Dr. Michael William May, Ellicott City pediatrician, dies

Dr. Michael William May was a founding partner of Howard County Pediatrics.

Dr. Michael William May, one of the founding partners of Howard County Pediatrics and a physician known for his endearing manner with children, died of injuries from a Clarksville car crash at the University of Maryland Shock Trauma Center on Sept. 10. He was 62 and lived in Columbia.

“He was a man of few words, but he was committed to service and volunteerism,” said his sister, Mary Fairchok of Puyallup, Washington.


Born in Milwaukee, he was the son of Dr. William May, a philosophy professor at the Catholic University of America, and his wife, Patricia Keck, who had a doctorate in nursing.

He was a 1977 graduate of Saint Anselm’s Abbey School and earned a bachelor’s degree in biology at Catholic University. He was a 1985 graduate of the Georgetown University School of Medicine.


During his summers at the National Institutes of Health in Bethesda, he worked as a lab researcher on infectious diseases. Working with senior scientists, he studied herpes.

“He cared about everyone and was interested in them as well. He was a wonderful listener,” said Dr. Paul Nyirjesy, a friend from their high school and medical school days. “When he interacted with patients he was thorough. As a medical student, he was a fast learner and had a lot of common sense. He was well-read and gave the best possible patient care.”

He then completed his internship and residency in pediatrics at the Johns Hopkins University in its Harriet Lane program.

While at Hopkins, he met his future wife, Monica Thomas, a pediatric emergency room nurse.

Dr. May completed a fellowship in adolescent medicine and then joined Howard County Pediatrics as a founding member in 1989.

Dr. May had been the assistant chair of the Department of Pediatrics at Howard County General Hospital.

In a 1992 Sun article, he discussed Sudden Infant Death Syndrome after a national medical group recommended that parents put most infants to sleep on their backs or sides.

Dr. May said the older practice of having babies sleep on their stomachs was thought to reduce the risk of choking when the child spits up. He was among those who recommended the change.


“His bedside manner was gentle. To children, he was endearing. He took time for the patient as well for for the parent,” said Dawn Doctor, the clinical supervisor in his practice. “I knew him for 22 years. He was steady. He was constant. He was a man of few words but when he did have things to say he was deliberate. And there was substance with what he had to say.”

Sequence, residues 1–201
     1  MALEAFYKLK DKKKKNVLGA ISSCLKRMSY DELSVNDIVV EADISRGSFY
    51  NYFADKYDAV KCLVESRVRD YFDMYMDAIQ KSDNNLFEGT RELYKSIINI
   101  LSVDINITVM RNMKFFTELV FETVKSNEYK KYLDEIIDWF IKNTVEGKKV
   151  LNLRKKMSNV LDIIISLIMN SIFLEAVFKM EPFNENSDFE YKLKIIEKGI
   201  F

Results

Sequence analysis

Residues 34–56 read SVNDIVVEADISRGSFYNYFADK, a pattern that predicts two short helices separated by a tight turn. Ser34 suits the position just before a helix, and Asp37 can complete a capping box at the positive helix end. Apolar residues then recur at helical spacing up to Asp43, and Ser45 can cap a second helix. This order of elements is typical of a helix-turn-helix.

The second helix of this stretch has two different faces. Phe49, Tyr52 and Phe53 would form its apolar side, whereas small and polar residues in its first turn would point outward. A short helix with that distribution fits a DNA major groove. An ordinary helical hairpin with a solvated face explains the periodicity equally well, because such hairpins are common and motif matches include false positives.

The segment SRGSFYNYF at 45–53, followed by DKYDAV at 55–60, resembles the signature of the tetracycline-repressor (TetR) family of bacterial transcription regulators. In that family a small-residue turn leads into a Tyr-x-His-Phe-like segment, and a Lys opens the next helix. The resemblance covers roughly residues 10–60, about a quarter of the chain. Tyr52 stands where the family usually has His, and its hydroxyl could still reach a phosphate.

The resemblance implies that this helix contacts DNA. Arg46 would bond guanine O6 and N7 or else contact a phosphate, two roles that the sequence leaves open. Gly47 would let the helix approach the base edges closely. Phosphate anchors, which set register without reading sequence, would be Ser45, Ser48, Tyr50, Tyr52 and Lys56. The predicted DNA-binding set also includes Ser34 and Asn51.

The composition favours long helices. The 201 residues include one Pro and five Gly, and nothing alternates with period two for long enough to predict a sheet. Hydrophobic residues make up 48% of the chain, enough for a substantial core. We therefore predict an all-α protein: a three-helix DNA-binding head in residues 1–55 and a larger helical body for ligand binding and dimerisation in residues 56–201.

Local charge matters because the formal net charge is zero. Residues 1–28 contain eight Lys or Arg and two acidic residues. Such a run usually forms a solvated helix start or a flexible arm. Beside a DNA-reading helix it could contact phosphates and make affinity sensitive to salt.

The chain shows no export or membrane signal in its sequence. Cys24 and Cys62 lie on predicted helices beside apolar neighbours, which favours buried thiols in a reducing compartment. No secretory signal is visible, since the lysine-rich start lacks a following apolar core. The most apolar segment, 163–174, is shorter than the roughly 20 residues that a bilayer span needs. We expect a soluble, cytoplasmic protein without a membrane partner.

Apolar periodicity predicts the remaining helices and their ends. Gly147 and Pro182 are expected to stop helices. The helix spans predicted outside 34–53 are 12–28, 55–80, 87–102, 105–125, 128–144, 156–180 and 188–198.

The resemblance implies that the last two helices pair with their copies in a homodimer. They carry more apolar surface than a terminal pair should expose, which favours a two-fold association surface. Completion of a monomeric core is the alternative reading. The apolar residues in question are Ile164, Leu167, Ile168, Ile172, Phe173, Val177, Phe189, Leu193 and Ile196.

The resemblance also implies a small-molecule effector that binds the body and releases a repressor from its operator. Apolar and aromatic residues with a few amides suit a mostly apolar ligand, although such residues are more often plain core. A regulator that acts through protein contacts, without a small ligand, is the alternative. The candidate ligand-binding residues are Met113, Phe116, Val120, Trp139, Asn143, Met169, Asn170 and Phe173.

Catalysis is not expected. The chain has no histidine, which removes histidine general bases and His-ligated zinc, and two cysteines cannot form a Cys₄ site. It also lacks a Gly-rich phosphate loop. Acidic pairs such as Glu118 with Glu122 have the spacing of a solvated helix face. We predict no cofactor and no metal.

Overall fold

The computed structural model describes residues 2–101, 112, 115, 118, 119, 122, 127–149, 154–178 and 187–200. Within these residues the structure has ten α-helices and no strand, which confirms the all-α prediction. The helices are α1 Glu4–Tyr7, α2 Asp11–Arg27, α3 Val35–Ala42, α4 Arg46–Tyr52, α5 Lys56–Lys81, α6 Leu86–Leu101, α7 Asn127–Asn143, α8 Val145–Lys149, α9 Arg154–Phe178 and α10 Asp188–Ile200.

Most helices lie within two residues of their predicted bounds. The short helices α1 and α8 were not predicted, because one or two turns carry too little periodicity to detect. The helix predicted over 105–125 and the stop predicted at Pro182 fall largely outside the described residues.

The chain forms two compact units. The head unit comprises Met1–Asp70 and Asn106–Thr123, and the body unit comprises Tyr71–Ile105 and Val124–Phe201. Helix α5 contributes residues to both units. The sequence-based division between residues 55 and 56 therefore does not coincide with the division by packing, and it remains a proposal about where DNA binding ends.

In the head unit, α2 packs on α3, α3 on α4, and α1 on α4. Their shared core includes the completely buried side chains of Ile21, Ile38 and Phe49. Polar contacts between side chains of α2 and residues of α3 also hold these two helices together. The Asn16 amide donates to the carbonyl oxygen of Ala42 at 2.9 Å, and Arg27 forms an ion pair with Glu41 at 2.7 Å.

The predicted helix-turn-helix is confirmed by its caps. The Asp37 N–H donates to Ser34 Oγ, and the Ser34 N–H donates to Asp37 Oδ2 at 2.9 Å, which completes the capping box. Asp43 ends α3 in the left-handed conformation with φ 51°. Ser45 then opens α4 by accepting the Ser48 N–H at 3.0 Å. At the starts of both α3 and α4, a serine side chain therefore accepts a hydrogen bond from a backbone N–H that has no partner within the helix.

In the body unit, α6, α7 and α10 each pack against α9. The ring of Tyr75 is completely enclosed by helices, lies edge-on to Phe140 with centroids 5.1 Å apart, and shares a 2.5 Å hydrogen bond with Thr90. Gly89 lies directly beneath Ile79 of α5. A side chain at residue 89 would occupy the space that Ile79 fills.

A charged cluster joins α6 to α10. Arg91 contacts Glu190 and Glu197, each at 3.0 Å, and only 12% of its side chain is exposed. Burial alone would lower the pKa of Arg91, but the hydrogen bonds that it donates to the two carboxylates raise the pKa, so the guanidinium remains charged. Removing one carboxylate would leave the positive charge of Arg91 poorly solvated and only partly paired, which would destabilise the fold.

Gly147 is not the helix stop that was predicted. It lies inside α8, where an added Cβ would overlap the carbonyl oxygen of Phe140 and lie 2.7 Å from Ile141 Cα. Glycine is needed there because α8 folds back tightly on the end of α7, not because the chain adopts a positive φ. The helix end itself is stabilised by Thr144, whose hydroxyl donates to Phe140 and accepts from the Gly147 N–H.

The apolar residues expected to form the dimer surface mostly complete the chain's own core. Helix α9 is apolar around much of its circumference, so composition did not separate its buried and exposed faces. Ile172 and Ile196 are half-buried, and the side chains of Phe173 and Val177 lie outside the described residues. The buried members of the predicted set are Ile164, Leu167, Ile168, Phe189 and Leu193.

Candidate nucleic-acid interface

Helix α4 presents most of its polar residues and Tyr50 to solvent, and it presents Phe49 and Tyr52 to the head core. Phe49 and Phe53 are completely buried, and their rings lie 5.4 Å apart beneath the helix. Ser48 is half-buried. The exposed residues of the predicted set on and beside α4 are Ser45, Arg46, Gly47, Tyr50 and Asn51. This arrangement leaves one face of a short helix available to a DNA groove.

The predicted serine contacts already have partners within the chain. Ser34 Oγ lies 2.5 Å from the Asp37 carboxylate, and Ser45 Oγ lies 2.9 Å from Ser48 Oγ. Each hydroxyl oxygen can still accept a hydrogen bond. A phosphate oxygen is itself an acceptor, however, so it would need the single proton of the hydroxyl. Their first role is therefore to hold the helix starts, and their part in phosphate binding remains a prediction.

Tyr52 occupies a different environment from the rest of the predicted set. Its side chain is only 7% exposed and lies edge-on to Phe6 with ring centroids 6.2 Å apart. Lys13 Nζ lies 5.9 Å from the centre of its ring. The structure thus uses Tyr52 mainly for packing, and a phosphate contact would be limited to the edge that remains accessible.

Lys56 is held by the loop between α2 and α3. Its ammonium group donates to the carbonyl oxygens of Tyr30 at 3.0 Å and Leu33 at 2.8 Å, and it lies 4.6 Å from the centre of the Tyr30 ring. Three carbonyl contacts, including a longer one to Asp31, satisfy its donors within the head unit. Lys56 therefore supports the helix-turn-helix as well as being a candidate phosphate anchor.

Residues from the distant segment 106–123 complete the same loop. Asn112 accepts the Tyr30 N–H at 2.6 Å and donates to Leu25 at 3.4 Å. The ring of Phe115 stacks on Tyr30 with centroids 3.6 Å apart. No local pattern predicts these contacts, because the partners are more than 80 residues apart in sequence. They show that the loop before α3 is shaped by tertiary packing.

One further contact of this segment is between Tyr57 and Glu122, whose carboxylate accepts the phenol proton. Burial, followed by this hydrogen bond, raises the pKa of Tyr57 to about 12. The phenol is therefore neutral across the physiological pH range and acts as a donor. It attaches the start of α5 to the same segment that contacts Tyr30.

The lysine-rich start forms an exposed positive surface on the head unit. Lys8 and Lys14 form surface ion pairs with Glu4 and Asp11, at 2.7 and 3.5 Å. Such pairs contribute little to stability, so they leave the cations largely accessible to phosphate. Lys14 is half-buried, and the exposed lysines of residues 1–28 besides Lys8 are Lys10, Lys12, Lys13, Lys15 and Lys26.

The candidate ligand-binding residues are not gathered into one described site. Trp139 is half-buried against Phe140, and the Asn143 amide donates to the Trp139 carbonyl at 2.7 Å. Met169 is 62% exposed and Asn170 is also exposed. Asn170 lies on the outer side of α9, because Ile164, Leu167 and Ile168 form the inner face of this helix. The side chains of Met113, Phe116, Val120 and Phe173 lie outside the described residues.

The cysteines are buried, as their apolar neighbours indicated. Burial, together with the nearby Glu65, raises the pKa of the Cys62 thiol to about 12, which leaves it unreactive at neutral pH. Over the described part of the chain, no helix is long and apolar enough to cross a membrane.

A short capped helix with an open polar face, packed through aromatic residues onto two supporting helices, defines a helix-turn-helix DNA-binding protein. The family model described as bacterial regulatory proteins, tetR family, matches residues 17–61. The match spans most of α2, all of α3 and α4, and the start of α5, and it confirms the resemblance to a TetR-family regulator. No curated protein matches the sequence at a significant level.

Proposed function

She said Dr. May had a dry sense of humor and it was not unusual for him to open the practice if a patient needed to be seen on a Sunday.

“When dealing in pediatrics, parents need peace of mind and he was able to deliver that,” she said. “He was in there at the office first thing in the morning, before sunup.

He worked as a general pediatrician and saw thousands of patients and consulted with their parents.

“He had a calm personality and took his time to think about things,” said Genevieve McCardell, the mother of three patients who made visits to his office for 32 years. “His recommendations were helpful. He was quiet in a sense and focused on providing good care but he also had a bright sense of humor. He was methodical and spent the time with us.”

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She also said: “He also suggested other resources — he saw the whole child as opposed to treating just an illness. I always felt confident that all three of my children were getting the proper care. He was also respectful of my questions. He was never dismissive.”


“He never looked down on you as a parent,” she said. “He treated me as a team with him.”

Dr. May retired this year and wrote to his patients: “I have been blessed to be entrusted with the care of so many newborns and children over the decades. It has been a true joy to watch so many grow and mature as students and now young adults, pursuing their goals and ambitions in the work force. It is even more gratifying to take care of so many of the next generation, as my first patients have now become parents themselves.”

Dr. May was an avid runner, reader of history and community volunteer. He spent many hours working with homeless people.

A memorial has been created in Dr. May’s name at the Friends & Foundation of Howard County Library System.

He was an active member of St. Louis Roman Catholic Church in Clarksville, where a memorial Mass will be held at 2 p.m. Sept. 21.

He is survived by his wife of 33 years, Monica Thomas, a pediatric emergency room nurse; a son, Christopher May of Ellicott City; a daughter, Elizabeth Feeley of Ellicott City; three brothers, Thomas May of Seattle, Timothy May of Silver Spring and Patrick May of Rockville; three sisters, Mary Fairchok of Puyallup, Washington, Susan Romanosky of New York City and Kathleen May-Boardman of Edinburgh, Scotland; and 14 nieces and nephews.